1. Two weeks ago, we found out our expected girl was really a boy.
He was born on Monday, ten days earlier than his planned arrival (which was itself a good week earlier than his due date). It wasn't strictly an emergency c-section, but it was about as urgent as it gets without being an actual 'someone is dying' emergency.
Raphael Cirilo – 7 pounds 9 ounces, 20.25″ long. Infuriated by his eviction.
2. So here's what happened…
On the previous Friday, Saturday, and Sunday nights I was waking up in the witching hour because my hands and feet, specifically my palms and soles, were itching like mad. And what else am I going to do during bouts of weird, itchy insomnia but google “pregnant with itchy hands and feet”?
My googling turned up intrahepatic cholestasis of pregnancy. Cholestasis is when, for whatever reason, the flow of bile from the liver to the small intestine slows or stops. The bile salts build up in the blood and cause the intense itching. Uncomfortable for the mother, but very dangerous for the baby. Due to the immaturity of the fetal liver, the condition essentially poisons the baby with the bile salts and can lead to stillbirth.
So I spent the weekend waffling over whether I was just being hysterical after all the stress of this pregnancy. I really didn't think having this was at all probable, but after three consecutive nights, I decided to let my OB know the symptom and have her make the call. She ordered labs and set a late afternoon appointment.
At the appointment, she told me my liver enzymes were elevated and I was having the baby that evening. Women with this condition are apparently routinely delivered as soon as they reach 37 weeks, and I was already four days past that.
I had nothing packed. I had almost nothing washed. We hadn't even opened the carseat yet, much less have it installed. We still weren't exactly sure about a name. Oh, and my cell phone was dead because I forgot the charging cable at home that morning.
I did have a list, which I paired down on the fly to bare necessities I could help Himself find over the phone. Borrowed the office phone to make my necessary calls and luckily caught Himself five minutes from home. He packed bags for me, GeekBaby, NinjaBaby, and himself, stuffed the carseat in the car, dropped GeekBaby's bag off at my mom's and made it downtown to the hospital in what must be record time.
In the meantime, FlyCat came to sit with me in the ante partum unit. I have the best friends.
By 8, I was in surgery. By 9:30 I was in recovery, working diligently on wiggling my feet. And by 11, I had my baby.
3. It amazes me how completely better I felt as soon as NinjaBaby was delivered. My heartburn vanished. The itching was gone. My dry skin and hair are reversing themselves. I was hungry again for the first time in months, and pestered my night nurse relentlessly over whether I could have a real breakfast.
The cholestasis is also gone. We seem to have caught it early enough that my bile salts weren't even elevated yet. (Serum bile salts take awhile to come back.) My doctor will repeat the metabolic panel at my first postpartum appointment to make sure everything is back to normal, but the itching was gone by the time I got my hands on NinjaBaby.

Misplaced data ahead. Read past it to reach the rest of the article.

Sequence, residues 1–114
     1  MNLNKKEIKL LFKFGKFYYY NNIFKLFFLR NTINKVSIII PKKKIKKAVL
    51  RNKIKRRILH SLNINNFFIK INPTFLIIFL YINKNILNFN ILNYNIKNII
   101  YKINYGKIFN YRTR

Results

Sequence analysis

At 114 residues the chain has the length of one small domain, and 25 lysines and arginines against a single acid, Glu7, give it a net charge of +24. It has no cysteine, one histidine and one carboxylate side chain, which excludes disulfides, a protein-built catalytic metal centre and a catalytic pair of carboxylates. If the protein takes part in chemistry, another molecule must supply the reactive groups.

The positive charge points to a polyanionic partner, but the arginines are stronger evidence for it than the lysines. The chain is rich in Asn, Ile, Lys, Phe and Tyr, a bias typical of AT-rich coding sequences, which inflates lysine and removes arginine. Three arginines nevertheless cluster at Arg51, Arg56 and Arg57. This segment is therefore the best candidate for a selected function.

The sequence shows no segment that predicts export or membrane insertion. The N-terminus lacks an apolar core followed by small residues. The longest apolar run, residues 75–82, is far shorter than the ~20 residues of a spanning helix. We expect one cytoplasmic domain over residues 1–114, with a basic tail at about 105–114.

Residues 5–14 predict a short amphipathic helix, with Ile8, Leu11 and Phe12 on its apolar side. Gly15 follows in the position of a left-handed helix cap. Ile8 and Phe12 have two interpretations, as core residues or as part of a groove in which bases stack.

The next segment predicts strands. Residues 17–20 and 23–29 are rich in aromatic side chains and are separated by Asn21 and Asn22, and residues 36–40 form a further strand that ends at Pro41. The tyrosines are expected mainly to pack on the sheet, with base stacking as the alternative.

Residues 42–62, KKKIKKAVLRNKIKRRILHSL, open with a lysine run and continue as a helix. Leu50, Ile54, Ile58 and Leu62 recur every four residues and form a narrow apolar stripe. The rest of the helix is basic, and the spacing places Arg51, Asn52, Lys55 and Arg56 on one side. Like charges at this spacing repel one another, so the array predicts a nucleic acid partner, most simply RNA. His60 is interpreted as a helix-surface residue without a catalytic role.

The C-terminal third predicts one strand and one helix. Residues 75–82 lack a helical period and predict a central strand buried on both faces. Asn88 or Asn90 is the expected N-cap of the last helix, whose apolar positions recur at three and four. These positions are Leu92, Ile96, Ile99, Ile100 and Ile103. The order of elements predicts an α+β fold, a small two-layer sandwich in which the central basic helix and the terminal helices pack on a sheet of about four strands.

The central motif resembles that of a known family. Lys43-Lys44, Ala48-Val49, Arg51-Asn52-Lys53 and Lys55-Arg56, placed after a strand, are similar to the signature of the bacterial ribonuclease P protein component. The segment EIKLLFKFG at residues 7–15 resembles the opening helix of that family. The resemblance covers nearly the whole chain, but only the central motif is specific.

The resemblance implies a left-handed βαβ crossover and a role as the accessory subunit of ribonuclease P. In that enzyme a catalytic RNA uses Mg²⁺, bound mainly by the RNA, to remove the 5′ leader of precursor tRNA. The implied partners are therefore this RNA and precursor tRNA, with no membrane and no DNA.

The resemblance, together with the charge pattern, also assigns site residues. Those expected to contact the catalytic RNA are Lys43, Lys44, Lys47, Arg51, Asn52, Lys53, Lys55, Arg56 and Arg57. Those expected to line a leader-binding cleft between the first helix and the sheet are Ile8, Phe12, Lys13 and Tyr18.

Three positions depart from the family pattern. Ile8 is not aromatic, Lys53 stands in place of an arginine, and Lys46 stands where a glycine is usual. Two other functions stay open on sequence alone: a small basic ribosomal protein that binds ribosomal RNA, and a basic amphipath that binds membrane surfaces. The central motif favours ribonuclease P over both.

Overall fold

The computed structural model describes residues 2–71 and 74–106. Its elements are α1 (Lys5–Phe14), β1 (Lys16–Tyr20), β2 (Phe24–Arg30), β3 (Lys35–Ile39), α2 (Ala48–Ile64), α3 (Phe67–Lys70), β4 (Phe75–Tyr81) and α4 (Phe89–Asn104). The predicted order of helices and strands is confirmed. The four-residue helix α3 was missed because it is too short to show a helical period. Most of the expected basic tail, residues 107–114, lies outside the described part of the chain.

On the other hand, cholestasis reoccurs in 45-70% of subsequent pregnancies. Just what I needed, one more possibly fatal medical facet to worry about.
4. I maintain, the worst part of all this is getting the anesthesia. I can lie there and take an injection in my eye with relative self control, but getting a spinal this time was even worse than the epidural I had with GeekBaby. I will admit to being semi hysterical. There are two main elements that I hate here.
First, I can't watch. Therefore I can't supervise. This makes me crazy.
Second, they always start with lidocaine. I hate lidocaine. It doesn't work well on me, and the effects of the lidocaine itself hurts. For days. My back only stopped aching today.
5. My OB was as good as her word, and let me go home after 48 hours. Thank goodness. The food at this hospital was especially bad, and they were unreliable about delivering the meals I actually selected. The last one was so bad that even Himself couldn't eat it, he went out and brought us back chicken tenders. Maybe they were no better nutritionally, but at least they weren't revolting.
I don't understand why they feed us so badly while simultaneously mouthing concern about our lower GI function returning to normal.
6. GeekBaby has never looked so shy as when my parents brought him into the hospital room to meet his new brother. My cyborg hand (of IV saline lock and wrapped up, taped up, disconnected O2 sensor) didn't help. He was charmed by his new brother and jept climbing up on my bed to kiss him or pat his head. but he got bored with visiting pretty fast. And now that we're home, he's having a little trouble adapting. Which I guess isnt surprismg since he's been our sole focus for so long. On one hand, he's super helpful – on the other, sulky when he's reminded not to be boisterousness near the baby, or doesn't get something he wants because we're busy with the baby. We'll see how it goes.
7. This whole business has been highly disorienting. Two weeks ago, I had just found out we were having a boy, not a girl. Today that boy is four days old and snoozing on my arm. We're having trouble remembering his name, and keep calling him by his brother's name. Or his cousin's. Poor NinjaBaby. That's what happens when you're this sneaky.
I've been trying to write this all day and I'm just rambling. So I'll just end it here. Visit Jen @ Conversion Diary for more, better focused Quick Takes.